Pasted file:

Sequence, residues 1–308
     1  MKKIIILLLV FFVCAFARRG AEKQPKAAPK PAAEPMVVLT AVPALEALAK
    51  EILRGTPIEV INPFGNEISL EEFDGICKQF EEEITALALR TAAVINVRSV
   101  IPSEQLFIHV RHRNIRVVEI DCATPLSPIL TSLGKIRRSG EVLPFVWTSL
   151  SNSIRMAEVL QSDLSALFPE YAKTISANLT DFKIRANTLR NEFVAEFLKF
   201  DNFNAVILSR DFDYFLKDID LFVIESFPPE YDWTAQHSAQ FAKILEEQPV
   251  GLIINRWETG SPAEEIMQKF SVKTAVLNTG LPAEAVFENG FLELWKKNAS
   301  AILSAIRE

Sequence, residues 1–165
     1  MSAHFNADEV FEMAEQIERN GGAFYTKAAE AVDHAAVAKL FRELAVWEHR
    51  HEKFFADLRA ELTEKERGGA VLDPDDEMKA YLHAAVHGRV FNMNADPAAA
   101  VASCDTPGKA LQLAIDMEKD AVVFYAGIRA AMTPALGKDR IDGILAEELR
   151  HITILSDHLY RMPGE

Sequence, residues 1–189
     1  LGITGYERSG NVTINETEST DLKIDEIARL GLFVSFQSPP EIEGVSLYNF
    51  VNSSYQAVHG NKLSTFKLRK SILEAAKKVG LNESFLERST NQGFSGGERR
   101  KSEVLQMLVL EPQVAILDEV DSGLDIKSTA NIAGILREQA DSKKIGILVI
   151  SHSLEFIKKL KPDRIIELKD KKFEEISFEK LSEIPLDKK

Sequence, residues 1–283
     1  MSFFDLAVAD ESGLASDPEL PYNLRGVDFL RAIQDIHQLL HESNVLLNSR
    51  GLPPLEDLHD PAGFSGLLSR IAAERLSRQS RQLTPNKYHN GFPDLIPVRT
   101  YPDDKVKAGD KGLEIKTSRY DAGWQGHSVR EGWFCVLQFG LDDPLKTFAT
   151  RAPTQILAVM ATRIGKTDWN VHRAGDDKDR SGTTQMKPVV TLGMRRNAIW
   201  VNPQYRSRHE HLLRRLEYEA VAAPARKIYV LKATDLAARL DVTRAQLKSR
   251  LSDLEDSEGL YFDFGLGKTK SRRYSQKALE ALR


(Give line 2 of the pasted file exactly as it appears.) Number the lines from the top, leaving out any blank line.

     1  MKKIIILLLV FFVCAFARRG AEKQPKAAPK PAAEPMVVLT AVPALEALAK